All posts by corbet

Kroah-Hartman: Meltdown and Spectre Linux Kernel Status – Update

Post Syndicated from corbet original

Here’s a
brief update from Greg Kroah-Hartman
on the kernel’s handling of the
Meltdown and Spectre vulnerabilities. “This shows that my kernel is
properly mitigating the Meltdown problem by implementing PTI (Page Table
Isolation), and that my system is still vulnerable to the Spectre variant
1, but is trying really hard to resolve the variant 2, but is not quite
there (because I did not build my kernel with a compiler to properly
support the retpoline feature).

Wine 3.0 released

Post Syndicated from corbet original

Version 3.0 of the
Wine Windows emulation layer has been released. “This release
represents a year of development effort and over 6,000 individual
” Most of the improvements seem to be around Direct3D
graphics, but it also now possible to package up Wine as an Android app;
see the release notes for

[$] Shrinking the kernel with link-time optimization

Post Syndicated from corbet original

This is the second article of a series discussing various methods of
reducing the size of the Linux kernel to make it suitable for small

The first article
provided a short rationale for this topic, and covered the link-time
garbage collection, also called the ld --gc-sections method. We’ve seen
that, though it is pretty straightforward, link-time garbage collection has
issues of its own when applied to the kernel, making achieving optimal
results more
difficult than it is worth. In this article we’ll have a look at what the
compiler itself can do using link-time optimization.

[$] Monitoring with Prometheus 2.0

Post Syndicated from corbet original

Prometheus is a monitoring tool
built from scratch by SoundCloud in 2012. It works by pulling metrics from
monitored services and storing them in a time series database (TSDB). It
has a powerful query language to inspect that database, create alerts, and
plot basic graphs. Those graphs can then be used to detect anomalies or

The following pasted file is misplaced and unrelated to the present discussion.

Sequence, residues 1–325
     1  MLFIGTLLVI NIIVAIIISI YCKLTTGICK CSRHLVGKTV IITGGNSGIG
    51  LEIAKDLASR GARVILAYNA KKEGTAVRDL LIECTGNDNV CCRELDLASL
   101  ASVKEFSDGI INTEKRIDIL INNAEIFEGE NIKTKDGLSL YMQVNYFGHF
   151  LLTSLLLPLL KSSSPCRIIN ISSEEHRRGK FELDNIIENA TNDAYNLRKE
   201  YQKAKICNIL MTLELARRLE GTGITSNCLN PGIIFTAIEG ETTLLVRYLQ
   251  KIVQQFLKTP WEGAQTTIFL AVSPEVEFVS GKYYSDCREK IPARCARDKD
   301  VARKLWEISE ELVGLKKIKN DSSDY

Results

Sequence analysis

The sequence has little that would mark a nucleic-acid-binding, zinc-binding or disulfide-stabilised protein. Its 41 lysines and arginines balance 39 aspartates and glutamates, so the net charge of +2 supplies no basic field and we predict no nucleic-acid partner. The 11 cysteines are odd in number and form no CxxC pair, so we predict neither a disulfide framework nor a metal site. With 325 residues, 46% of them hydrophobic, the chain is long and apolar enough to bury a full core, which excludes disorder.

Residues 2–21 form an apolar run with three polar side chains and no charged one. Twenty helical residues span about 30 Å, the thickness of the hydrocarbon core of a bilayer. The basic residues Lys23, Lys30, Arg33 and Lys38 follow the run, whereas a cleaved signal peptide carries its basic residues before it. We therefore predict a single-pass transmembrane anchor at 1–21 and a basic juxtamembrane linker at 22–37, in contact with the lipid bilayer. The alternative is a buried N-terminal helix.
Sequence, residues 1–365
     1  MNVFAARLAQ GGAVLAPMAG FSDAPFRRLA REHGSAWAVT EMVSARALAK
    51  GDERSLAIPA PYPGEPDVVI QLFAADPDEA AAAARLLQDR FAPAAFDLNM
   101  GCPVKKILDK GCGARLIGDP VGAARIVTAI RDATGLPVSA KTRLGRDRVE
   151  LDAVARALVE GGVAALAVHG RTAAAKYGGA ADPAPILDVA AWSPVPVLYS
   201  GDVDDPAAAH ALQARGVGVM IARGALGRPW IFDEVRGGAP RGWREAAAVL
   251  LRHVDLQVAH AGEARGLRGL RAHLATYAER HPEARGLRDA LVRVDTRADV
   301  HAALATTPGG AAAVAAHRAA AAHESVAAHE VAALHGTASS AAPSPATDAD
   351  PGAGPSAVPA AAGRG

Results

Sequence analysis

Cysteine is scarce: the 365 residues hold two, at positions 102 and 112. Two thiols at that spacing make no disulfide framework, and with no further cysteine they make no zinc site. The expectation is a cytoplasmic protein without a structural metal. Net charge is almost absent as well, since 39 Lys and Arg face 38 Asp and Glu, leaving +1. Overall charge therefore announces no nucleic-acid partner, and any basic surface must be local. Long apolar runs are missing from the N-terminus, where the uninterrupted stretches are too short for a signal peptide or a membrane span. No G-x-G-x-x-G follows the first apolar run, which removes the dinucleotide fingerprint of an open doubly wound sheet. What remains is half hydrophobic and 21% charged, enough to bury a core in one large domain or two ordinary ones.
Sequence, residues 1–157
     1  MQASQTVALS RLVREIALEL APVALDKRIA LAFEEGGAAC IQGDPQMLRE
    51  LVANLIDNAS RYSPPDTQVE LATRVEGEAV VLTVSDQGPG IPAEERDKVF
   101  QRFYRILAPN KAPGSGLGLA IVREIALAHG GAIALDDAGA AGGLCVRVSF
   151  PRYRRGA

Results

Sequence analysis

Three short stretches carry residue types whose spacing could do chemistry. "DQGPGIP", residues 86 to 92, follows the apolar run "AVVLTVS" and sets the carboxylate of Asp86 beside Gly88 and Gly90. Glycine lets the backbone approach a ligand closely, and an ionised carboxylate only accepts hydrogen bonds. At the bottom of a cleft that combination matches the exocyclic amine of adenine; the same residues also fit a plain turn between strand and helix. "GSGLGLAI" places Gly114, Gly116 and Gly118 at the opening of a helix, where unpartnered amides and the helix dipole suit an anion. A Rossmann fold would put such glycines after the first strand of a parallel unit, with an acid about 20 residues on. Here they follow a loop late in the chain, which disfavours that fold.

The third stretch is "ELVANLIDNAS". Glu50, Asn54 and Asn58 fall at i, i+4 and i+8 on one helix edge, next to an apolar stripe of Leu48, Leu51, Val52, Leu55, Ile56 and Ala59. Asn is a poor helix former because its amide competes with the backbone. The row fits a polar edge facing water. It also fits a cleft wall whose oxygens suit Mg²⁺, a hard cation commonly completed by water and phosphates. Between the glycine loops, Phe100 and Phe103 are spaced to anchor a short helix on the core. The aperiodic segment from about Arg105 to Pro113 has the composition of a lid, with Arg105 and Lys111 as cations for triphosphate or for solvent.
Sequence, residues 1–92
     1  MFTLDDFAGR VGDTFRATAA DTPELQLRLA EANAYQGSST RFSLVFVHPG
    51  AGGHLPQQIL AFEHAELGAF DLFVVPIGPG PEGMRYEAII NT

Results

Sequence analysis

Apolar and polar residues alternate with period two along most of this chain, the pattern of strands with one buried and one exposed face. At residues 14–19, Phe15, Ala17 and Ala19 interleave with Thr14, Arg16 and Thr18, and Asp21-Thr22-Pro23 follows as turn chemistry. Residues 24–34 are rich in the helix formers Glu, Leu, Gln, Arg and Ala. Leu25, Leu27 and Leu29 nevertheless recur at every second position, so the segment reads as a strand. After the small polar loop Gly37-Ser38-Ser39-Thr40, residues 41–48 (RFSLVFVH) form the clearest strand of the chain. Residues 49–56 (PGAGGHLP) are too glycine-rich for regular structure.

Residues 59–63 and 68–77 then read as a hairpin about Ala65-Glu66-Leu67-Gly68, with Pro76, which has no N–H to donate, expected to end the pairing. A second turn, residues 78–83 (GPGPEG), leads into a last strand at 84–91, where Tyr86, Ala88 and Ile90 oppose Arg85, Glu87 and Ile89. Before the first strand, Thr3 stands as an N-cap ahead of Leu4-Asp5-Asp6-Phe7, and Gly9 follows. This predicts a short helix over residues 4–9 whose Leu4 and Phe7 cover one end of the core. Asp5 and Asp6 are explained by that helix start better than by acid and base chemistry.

trends for (possibly automated) resource provisioning. Prometheus also has
extensive service discovery features and supports high availability

That’s what the brochure says, anyway; let’s see how it works in the hands
of an old grumpy system administrator. I’ll be drawing comparisons
with Munin and Nagios frequently because those are the tools I have
used for over a decade in monitoring Unix clusters.

Analyzing the Linux boot process (

Post Syndicated from corbet original

Alison Chaiken looks
in detail at how the kernel boots
Besides starting buggy spyware, what function does early boot
firmware serve? The job of a bootloader is to make available to a newly
powered processor the resources it needs to run a general-purpose operating
system like Linux. At power-on, there not only is no virtual memory, but no
DRAM until its controller is brought up.

[$] Deadline scheduling part 1 — overview and theory

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The deadline scheduler enables the user to specify a realtime task’s
using well-defined realtime abstractions, allowing the system to make
the best scheduling decisions, guaranteeing the scheduling of realtime
tasks even in higher-load systems.
This article, the first in a series of two, provides an introduction to
realtime scheduling (deadline
scheduling in particular) and some of the theory behind it.

LSFMM 2018 call for proposals

Post Syndicated from corbet original

The 2018 Linux Storage, Filesystem, and Memory-Management Summit will be
held April 23-25 in Park City, Utah. The call for proposals has just gone
out with a tight deadline: they need to be received by January 31.
LSF/MM is an invitation-only technical
workshop to map out improvements to the Linux storage, filesystem and
memory management subsystems that will make their way into the
mainline kernel within the coming years.

[$] Meltdown/Spectre mitigation for 4.15 and beyond

Post Syndicated from corbet original

While some aspects of the kernel’s defenses against the Meltdown and
Spectre vulnerabilities were more-or-less in place when the problems were
disclosed on January 3, others were less fully formed. Additionally,
many of the mitigations (especially for the two Spectre variants) had not
been seen in public prior to the disclosure, meaning that there was a lot
of scope for discussion once they came out. Many of those discussions are
slowing down, and the kernel’s initial response has mostly come into
focus. The 4.15 kernel will include a broad set of mitigations, while some
others will have to wait for later; read on
for details on where things stand.

[$] Active state management of power domains

Post Syndicated from corbet original